And there it is: ‘that one, she’s crazy,’ the last refuge of the arsehole with any woman who calls him to account.
Don’t You Forget About Me is a rather refreshing ‘chick-lit’ novel. While it does use some well-treaded tropes (eg. ‘second-chance romance’) it avoids being predictable.
Perhaps my problem is, I keep confusing the difference between making jokes, and being the joke.
The story isn’t solely centred on the romance between Georgina and Lucas, and in fact, I would go as far as to say that the romance is on the back-burner, which allows Georgina to have some great character development.
Georgina’s long list of terrible jobs is really relatable. Between the grotty food, the fastidious customers, and inappropriate co-workers, Georgina isn’t exactly working her dream job. Since dropping out of uni she has felt somewhat directionless. While Georgina doesn’t want to disappoint those who love her, mainly her mother and sister, she resists the idea of living a life that does not appeal to her. She knows she wants to ‘do something’ that allows her to write but making ends meet keeps her far too occupied.
After a particularly terrible night – which see her unfairly fired and after catching her boyfriend red-handed, single – things seem to have reached an all time low. Thankfully her brother-in-law knows that the owner of a newly opened pub is looking for people, which is how Georgina ends up meeting Lucas again.
Through her new job Georgina will also have the opportunity to participate in a contest called ‘Share your shame’, and she ends up writing about some of the most ‘shameful’ things that have happened to her, but she also shares them with a crowded pub. Revisiting some of these gives her some much needed insight into her own life.
McFarlane is great at portraying characters who are rather ‘messy’. Georgina is not the only character who needs to alter her behaviour. By seeing her with her family and her friends we understand why she acts in the way she does, and I really admired her for recognising both her own faults and the faults of others.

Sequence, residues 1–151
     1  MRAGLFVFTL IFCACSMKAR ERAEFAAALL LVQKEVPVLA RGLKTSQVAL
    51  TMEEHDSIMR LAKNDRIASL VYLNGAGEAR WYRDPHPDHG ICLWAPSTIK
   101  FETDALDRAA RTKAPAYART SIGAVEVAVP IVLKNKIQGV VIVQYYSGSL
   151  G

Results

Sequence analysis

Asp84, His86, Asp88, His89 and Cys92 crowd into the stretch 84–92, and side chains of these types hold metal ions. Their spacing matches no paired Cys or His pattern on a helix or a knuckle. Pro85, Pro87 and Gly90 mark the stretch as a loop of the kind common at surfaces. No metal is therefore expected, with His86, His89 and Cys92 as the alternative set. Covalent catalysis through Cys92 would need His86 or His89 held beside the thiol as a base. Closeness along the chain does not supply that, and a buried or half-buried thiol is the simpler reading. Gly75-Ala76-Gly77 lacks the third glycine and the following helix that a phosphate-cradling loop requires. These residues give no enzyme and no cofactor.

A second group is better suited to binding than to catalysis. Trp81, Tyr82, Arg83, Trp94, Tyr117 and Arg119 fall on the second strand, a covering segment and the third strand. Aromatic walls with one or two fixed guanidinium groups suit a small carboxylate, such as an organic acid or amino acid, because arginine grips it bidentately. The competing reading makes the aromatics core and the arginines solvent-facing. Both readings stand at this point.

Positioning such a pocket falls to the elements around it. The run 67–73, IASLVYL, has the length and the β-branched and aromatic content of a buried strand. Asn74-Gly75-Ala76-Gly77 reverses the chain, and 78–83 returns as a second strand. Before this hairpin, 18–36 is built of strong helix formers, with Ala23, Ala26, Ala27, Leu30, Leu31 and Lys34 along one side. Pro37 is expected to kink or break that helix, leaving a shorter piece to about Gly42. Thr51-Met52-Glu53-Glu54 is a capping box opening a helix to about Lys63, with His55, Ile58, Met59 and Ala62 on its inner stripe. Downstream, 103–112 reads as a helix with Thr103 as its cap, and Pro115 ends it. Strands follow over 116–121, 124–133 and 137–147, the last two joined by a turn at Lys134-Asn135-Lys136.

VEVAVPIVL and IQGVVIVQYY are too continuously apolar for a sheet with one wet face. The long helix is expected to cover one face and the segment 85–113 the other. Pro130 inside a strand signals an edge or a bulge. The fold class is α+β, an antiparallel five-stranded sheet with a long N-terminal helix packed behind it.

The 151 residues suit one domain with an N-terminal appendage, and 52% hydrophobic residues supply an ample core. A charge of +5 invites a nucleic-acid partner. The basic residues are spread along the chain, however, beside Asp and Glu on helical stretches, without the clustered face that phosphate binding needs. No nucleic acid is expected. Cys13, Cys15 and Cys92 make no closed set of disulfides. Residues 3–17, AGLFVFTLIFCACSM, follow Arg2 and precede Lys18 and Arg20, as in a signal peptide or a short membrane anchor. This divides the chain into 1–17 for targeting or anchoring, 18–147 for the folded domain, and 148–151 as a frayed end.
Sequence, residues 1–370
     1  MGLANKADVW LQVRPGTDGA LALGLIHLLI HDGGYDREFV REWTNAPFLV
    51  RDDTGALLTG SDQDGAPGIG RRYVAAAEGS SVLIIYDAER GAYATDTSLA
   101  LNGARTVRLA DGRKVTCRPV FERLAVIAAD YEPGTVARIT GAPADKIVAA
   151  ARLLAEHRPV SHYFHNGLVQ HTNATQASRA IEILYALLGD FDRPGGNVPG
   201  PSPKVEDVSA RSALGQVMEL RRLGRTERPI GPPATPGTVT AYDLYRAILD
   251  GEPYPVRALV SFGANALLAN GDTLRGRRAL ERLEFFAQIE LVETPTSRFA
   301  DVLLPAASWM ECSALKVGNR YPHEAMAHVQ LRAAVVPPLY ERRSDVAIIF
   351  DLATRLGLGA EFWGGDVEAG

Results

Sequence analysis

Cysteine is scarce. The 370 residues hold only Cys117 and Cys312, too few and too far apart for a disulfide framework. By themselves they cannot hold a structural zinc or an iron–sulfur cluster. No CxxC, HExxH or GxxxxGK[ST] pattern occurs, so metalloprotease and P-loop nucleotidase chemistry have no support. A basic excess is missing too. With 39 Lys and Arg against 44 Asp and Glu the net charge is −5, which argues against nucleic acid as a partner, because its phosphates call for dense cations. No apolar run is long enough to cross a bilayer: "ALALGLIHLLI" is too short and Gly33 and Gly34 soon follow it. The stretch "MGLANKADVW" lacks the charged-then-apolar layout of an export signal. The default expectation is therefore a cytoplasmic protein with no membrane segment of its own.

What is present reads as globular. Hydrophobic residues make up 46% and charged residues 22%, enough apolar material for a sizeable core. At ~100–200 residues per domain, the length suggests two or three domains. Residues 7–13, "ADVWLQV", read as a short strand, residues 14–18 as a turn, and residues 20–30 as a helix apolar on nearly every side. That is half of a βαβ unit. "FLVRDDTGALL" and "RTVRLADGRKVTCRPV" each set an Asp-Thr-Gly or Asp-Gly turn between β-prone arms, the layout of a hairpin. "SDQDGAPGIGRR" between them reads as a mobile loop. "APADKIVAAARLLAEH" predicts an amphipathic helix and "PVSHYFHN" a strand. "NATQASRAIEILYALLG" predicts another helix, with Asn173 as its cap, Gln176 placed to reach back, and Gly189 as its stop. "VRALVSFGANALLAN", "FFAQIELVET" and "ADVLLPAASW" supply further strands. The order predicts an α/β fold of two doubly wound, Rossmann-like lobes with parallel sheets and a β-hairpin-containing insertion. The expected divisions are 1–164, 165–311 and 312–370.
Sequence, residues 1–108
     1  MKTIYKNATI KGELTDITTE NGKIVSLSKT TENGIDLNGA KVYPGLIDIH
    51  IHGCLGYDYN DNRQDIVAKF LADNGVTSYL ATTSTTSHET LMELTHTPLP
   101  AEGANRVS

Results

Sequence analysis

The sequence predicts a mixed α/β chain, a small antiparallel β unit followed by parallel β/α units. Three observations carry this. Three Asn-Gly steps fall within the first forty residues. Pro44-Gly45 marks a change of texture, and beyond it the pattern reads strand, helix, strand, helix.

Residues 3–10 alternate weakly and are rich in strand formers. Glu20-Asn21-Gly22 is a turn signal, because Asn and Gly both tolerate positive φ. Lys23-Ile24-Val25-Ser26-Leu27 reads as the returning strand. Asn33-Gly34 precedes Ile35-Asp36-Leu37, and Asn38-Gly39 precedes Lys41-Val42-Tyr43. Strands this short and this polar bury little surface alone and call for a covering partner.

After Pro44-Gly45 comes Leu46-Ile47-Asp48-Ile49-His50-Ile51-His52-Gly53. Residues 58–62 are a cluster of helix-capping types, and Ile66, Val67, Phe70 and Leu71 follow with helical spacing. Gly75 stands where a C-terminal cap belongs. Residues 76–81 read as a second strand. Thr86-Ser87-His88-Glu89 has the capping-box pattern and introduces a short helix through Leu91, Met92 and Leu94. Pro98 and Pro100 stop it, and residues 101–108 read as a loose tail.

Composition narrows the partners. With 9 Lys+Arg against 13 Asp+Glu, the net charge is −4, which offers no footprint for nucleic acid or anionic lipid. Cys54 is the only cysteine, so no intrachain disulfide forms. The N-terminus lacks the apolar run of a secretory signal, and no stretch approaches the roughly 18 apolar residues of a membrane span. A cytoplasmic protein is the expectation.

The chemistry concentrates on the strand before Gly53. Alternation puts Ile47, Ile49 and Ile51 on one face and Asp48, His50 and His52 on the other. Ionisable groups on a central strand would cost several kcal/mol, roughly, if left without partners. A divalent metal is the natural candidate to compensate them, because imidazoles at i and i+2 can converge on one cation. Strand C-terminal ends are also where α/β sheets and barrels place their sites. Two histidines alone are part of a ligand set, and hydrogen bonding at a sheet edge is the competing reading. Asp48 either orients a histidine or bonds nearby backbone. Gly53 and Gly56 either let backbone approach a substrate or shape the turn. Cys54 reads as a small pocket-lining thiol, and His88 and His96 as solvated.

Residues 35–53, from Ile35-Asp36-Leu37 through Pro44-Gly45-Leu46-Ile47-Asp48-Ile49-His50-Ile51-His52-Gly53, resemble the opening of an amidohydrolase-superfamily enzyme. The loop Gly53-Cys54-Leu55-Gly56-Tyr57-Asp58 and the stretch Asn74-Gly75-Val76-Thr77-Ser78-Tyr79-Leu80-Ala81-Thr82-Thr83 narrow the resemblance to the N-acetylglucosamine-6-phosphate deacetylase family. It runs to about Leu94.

If you went round saying the stuff parents say to their adult kids, you’d be pegged as a sociopath. Like, just because they had unprotected sex thirty years ago, it doesn’t give them the right.
The story has plenty of laugh out loud moments but maybe there are a little too many references to popular culture (I find it hard to think of readers who would know the obscure actors mentioned by Georgina and her friends). Two of my other small ‘grievances‘ concern Lucas. Don’t get me wrong, he is lovely, but 1) he didn’t sound very Irish. I’m only 1/4 Irish so I am definitely not an expert but he phrased things in the same way as the other British characters. 2) he was too good to be true. Georgina was a lot more nuanced than he was. He seemed to say very unlikely things (eg. “Sorry, I’m mansplaining you to yourself.”).
Overall, I would read this for Georgina rather than ‘the romance’. There are so many unjust and wrong things that happen to her and it makes a nice to see those things being called out and addressed. Hell yeah, she can be angry if she wants to.
There are always those worse off than you. Your problems are not invalid as a result, or needing to be measured against an internationally recognised pain scale before we decide if your condition is severe enough to treat.
While it might be far from perfect, Don’t You Forget About Me is still an incredibly entertaining and empowering novel.